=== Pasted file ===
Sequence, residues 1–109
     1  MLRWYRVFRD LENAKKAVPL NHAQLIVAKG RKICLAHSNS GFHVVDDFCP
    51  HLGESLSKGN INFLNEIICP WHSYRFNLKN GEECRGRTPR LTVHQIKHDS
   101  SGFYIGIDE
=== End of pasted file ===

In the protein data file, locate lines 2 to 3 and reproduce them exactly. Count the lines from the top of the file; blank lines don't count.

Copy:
     1  MLRWYRVFRD LENAKKAVPL NHAQLIVAKG RKICLAHSNS GFHVVDDFCP
    51  HLGESLSKGN INFLNEIICP WHSYRFNLKN GEECRGRTPR LTVHQIKHDS